Why Is Area Forecast Discussion Important for Preflight Planning?

The AFD is a vehicle for the forecaster to document technical reasoning behind the forecast they just issued.

The AFD is a vehicle for the forecaster to document the technical reasoning behind the forecast they just issued. [Credit: Zoran Djekic/Shutterstock]

Question: I am a relatively new pilot. I recently read about something called a forecast discussion that could be useful for preflight planning. Can you tell me more about this and how I can access it online?

Answer: Since I introduced the area forecast discussions (AFDs) to the general aviation community a couple of decades ago, this has become a common resource for pilots to review before making operational decisions as it relates to weather. Just to clear up any initial confusion, the area forecast discussion is not a discussion describing the legacy aviation area forecast (FA) that was retired back in October 2017. The AFD is written by forecasters located at each of the local weather forecast offices (WFOs) scattered throughout the U.S. The same forecaster at the WFO that issues the terminal aerodrome forecast (TAFs) for their county warning area (CWA) is also responsible, in part, for issuing the corresponding AFD. The CWA defines the geographic “area” they are discussing. Shown below are the boundaries of the CWAs for the U.S. and its territories. 

[Graphic courtesy of Scott Dennstaedt]

The AFD is not a two-way conversation. However, it is a vehicle that the forecaster can use to document the technical reasoning behind the forecast they just issued. In other words, it’s a way for a pilot to know what the forecaster is thinking about the current trends in the forecast. Most important, this is the method the forecaster can use to quantify their uncertainty. It allows them to let the reader know what could go wrong or describe alternate scenarios. I’ve read dozens of errant terminal forecasts over the years; however, there have been very few forecast discussions that didn’t somehow confront the potential of a busted forecast before it happened. I tell all of my one-on-one online students that if you are not reading the AFDs and only looking at the TAFs, you are potentially missing out on half the forecast guidance.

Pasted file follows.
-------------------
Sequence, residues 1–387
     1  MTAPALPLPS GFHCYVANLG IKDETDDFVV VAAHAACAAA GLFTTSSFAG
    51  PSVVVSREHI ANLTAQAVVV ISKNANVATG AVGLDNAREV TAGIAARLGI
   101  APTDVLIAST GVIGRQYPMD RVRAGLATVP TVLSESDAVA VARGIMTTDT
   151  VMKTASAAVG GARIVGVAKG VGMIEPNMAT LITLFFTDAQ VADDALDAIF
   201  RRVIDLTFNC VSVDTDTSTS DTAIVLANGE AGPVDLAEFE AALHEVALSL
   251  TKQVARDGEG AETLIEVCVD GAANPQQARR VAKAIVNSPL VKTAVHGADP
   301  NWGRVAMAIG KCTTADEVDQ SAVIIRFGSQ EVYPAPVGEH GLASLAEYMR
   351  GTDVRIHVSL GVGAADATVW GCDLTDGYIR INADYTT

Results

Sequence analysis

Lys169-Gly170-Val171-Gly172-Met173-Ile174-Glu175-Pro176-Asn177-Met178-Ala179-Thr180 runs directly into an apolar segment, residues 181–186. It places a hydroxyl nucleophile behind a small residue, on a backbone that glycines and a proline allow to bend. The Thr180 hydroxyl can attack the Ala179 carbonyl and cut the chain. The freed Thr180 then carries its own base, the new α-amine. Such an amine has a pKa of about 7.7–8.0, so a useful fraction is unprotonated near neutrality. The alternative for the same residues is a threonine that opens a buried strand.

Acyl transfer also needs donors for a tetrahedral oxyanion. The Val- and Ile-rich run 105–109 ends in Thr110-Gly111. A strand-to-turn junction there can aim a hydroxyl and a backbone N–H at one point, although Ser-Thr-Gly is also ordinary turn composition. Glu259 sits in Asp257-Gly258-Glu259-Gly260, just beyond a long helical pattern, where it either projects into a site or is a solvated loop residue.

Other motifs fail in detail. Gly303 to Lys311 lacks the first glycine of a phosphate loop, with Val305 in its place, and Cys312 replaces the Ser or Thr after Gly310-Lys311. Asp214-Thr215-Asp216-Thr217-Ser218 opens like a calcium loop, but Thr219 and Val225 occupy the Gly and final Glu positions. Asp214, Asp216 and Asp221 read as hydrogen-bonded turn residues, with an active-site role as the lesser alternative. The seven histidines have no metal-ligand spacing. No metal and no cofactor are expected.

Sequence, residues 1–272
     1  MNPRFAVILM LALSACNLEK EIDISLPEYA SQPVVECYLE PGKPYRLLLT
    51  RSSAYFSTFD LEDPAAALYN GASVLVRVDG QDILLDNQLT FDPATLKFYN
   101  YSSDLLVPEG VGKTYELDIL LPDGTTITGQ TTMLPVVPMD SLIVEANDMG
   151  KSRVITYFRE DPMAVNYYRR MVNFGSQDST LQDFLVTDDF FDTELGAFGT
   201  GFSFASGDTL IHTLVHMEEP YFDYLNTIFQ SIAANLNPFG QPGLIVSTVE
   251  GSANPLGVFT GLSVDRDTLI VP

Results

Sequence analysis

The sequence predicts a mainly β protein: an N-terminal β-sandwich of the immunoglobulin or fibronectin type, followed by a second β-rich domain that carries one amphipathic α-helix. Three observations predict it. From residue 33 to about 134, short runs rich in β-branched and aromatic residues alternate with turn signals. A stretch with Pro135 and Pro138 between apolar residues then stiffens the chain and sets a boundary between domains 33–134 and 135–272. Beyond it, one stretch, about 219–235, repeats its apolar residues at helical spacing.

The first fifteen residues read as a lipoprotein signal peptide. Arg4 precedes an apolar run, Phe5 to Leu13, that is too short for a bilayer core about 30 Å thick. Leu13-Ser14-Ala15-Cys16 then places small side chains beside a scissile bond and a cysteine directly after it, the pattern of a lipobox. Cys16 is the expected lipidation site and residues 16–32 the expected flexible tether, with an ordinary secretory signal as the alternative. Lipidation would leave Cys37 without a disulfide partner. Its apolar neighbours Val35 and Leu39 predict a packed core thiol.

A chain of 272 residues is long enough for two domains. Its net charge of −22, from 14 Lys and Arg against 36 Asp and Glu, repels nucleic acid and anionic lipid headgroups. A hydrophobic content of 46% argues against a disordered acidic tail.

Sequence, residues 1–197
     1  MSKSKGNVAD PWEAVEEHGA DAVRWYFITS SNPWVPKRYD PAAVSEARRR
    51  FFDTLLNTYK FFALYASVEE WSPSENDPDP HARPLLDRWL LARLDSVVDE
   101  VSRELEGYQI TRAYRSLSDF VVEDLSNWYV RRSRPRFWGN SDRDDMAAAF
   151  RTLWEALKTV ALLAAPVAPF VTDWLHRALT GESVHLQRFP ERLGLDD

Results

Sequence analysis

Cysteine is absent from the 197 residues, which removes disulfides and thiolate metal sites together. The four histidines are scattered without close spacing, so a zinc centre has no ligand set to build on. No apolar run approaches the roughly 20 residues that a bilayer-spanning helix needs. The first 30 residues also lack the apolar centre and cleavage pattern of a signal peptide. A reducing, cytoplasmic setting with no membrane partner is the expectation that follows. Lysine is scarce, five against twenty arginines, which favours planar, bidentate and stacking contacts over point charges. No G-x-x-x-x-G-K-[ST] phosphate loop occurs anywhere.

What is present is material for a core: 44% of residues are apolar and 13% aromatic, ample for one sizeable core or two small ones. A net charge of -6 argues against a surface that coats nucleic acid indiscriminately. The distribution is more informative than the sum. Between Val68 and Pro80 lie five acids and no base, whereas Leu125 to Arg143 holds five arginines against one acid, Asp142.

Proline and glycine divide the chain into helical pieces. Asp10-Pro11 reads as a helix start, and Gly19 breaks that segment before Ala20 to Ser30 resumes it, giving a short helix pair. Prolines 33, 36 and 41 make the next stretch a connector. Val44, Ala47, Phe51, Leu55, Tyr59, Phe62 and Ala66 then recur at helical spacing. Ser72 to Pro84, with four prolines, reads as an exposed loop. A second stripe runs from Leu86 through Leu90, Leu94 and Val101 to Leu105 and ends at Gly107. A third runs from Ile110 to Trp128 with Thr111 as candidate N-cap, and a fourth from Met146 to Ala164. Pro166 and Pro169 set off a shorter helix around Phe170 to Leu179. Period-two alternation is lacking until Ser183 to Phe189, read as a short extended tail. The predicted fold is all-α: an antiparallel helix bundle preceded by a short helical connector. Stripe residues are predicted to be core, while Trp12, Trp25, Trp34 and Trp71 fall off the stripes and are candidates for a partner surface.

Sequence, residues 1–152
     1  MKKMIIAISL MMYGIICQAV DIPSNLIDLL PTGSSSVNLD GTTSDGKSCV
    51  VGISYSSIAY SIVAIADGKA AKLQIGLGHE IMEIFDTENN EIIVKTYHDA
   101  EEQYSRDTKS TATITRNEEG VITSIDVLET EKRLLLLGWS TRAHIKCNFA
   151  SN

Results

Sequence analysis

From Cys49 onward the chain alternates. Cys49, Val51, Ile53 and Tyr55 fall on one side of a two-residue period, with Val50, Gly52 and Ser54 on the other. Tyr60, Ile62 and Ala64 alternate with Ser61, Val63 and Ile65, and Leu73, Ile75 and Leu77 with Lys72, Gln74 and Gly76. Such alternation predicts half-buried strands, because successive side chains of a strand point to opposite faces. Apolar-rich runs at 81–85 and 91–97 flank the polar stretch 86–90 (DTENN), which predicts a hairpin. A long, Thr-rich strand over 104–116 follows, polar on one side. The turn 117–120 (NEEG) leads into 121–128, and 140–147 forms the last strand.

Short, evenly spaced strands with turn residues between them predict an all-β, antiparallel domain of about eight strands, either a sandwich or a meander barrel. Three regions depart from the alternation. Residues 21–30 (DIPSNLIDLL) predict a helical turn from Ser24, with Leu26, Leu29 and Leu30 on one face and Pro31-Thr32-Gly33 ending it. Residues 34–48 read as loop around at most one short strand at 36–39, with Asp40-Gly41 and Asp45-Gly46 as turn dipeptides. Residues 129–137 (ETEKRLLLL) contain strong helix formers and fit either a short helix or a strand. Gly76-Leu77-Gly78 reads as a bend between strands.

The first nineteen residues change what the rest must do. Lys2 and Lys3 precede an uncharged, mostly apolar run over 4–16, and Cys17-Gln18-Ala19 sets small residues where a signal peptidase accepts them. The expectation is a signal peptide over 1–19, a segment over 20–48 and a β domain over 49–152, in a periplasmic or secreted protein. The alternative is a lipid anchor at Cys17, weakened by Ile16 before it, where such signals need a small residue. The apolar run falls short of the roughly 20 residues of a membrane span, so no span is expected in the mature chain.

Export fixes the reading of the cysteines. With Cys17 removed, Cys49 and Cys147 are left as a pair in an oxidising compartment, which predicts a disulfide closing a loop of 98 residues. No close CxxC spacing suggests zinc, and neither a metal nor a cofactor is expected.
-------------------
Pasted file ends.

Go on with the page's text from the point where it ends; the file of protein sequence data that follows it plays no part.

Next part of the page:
Each AFD has two primary parts of interest to pilots. The first consists of a synoptic overview and a review of the forecast weather over the next few days for the CWA. The good news is AFDs are written in plain English. The bad news is a lot of jargon is used in this part of the discussion. This is because the AFD is designed as a forecaster-to-forecaster memorandum, so it might be quite technical at times. Be prepared for dozens of terms that may be unfamiliar. For example, here’s a small excerpt from a past discussion outlining the long-term forecast. 


Mid-level ridging will take place across the local area Monday into Monday evening. Mid-level transitions to a zonal pattern thereafter through Tuesday and then more SW Tuesday night through midweek with shortwave approaching. Mid-level ridging shown in forecast models thereafter through Thursday.

If you are a bit perplexed after reading an AFD, the National Weather Service glossary may help unravel some of the mystery.